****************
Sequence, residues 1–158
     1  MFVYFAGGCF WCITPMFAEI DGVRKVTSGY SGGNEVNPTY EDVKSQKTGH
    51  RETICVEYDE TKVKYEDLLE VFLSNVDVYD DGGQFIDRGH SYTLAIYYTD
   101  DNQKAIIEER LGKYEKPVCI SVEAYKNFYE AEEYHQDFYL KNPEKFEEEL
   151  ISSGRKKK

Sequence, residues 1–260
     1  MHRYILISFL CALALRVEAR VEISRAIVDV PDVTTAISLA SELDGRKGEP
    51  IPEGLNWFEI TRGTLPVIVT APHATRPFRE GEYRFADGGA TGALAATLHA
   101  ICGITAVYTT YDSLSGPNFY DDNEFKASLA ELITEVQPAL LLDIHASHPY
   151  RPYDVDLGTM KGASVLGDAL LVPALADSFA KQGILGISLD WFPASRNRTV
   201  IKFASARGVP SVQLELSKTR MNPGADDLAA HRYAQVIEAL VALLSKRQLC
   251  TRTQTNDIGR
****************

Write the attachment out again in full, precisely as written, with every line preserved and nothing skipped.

Sequence, residues 1–158
     1  MFVYFAGGCF WCITPMFAEI DGVRKVTSGY SGGNEVNPTY EDVKSQKTGH
    51  RETICVEYDE TKVKYEDLLE VFLSNVDVYD DGGQFIDRGH SYTLAIYYTD
   101  DNQKAIIEER LGKYEKPVCI SVEAYKNFYE AEEYHQDFYL KNPEKFEEEL
   151  ISSGRKKK

Sequence, residues 1–260
     1  MHRYILISFL CALALRVEAR VEISRAIVDV PDVTTAISLA SELDGRKGEP
    51  IPEGLNWFEI TRGTLPVIVT APHATRPFRE GEYRFADGGA TGALAATLHA
   101  ICGITAVYTT YDSLSGPNFY DDNEFKASLA ELITEVQPAL LLDIHASHPY
   151  RPYDVDLGTM KGASVLGDAL LVPALADSFA KQGILGISLD WFPASRNRTV
   201  IKFASARGVP SVQLELSKTR MNPGADDLAA HRYAQVIEAL VALLSKRQLC
   251  TRTQTNDIGR